A most irrational bucket list

November 28, 2011
By Anonymous

I’d love to walk for a day with my eyes closed, just to feel the ultimate joy of moving decisively, without the agony of decision.

I’d love to live on the ocean. On the blackest of nights, when the fog is thick and impenetrable and the rain surges sideways with a vengeance blocking out the moon, I want to hear the soft hoot of the foghorn. Soothed by its solitary resilience, I can finally allow sleep to wash over, that final wave pulling me under.

I’d love to bottle up the sky before a storm. Selfishly stopper up the perfect blue that stretches above, innocent and powerful and beyond all human comprehension. Through the aqua abyss, I can see it gathering, subtle, but growing all the time, a billowing crevice of darkness splitting the tranquil ocean.
In a few moments, the schism will block out the blue,
But for now I can stand on the rift, in both the darkness and the light.

I’d love to ride a motorcycle. To feel the freedom of inhuman speed, the thrill of teetering on the edge of disaster. No voices to heed, only the wind, loud and sharp and whipping away all inhibitions. In a world of unhappiness, rules, and boundaries: a place to call home. A place to leave the fragile illusion of people and places in a cloud of dust and exhaust.

I’d love to see the world as the tiniest of bug. All car windshields aside, no rules to abide, but the tide of life to ride. With each end of night, the ultimate victory of survival is declared, and a new battle made ready to fight; When a life is measured in hours, every moment is magnificent.

I’d love to take the New England fall with me to college.
Put a lid on the collage of crimson infused with fire and gold. I want never to forget the beauty born from the dying of a thousand leaves. Soon they will drop from their perches atop the world, soon the trees will be bare, withered and lifeless like their leaves that crunch underfoot, leaves that once stood out, a fiery mass against a pale icy October sky.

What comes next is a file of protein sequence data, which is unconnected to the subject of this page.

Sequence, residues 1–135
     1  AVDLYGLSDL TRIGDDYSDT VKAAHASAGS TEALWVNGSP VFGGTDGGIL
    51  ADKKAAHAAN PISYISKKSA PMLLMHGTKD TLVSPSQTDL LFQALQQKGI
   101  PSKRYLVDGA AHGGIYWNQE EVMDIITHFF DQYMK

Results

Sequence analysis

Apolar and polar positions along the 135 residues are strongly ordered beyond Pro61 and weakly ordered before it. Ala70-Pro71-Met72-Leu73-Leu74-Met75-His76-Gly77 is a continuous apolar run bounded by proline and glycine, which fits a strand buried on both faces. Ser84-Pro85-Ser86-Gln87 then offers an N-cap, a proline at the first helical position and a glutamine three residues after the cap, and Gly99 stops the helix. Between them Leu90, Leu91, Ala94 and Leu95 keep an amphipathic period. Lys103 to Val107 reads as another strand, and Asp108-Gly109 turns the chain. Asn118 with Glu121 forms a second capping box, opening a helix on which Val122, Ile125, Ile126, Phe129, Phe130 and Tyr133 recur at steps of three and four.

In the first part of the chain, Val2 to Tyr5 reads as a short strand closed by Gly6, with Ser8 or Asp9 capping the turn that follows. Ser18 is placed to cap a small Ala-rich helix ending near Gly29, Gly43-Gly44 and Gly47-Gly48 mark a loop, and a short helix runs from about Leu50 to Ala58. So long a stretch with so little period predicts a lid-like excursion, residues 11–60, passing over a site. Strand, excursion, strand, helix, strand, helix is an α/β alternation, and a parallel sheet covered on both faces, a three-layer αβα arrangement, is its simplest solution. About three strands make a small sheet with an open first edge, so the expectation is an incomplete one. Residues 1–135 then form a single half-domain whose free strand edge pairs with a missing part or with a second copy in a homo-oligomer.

I’d love to capture moments. To keep a smiling face, a giggling baby, a look of love, protected safely in my subconscious. So even when the sun disappears, and neglect replaces joy, I will never feel the bitter cold of sorrow.

I’d love to fly without the metal, commotion, and claustrophobia of an airplane. Thirty thousand feet up, even the most monumental evil is dwarfed. Interstates cut like scars into the land, the painful price of progress. Farms are squares of purest green in a patchwork of life. The small oasis we dare to inhabit disappears; an insignificant blotch against far greater blue horizon. From here, our blue planet is exposed, simple, silent, and small.

I’d love if everyone would tell the truth. I wish, for just moment, for clarity to shatter the inertia of politeness.
I wish for them see through untainted eyes, that the greater evil is not the havoc wrought by angry words, but the heartbreak, slowly solidified by the significance of silence.

I’d love to be a snowflake. Become part of the only beings to truly comprehend death. Harmless little suicide bombers, superior to any other, they accept fate, submit to its finality with purpose and poise.
Like an oblivious army, they cascade in perfect unison;
how many of us can say we reached for the end, dove for it, comrades alongside us, perfection within our grasp.

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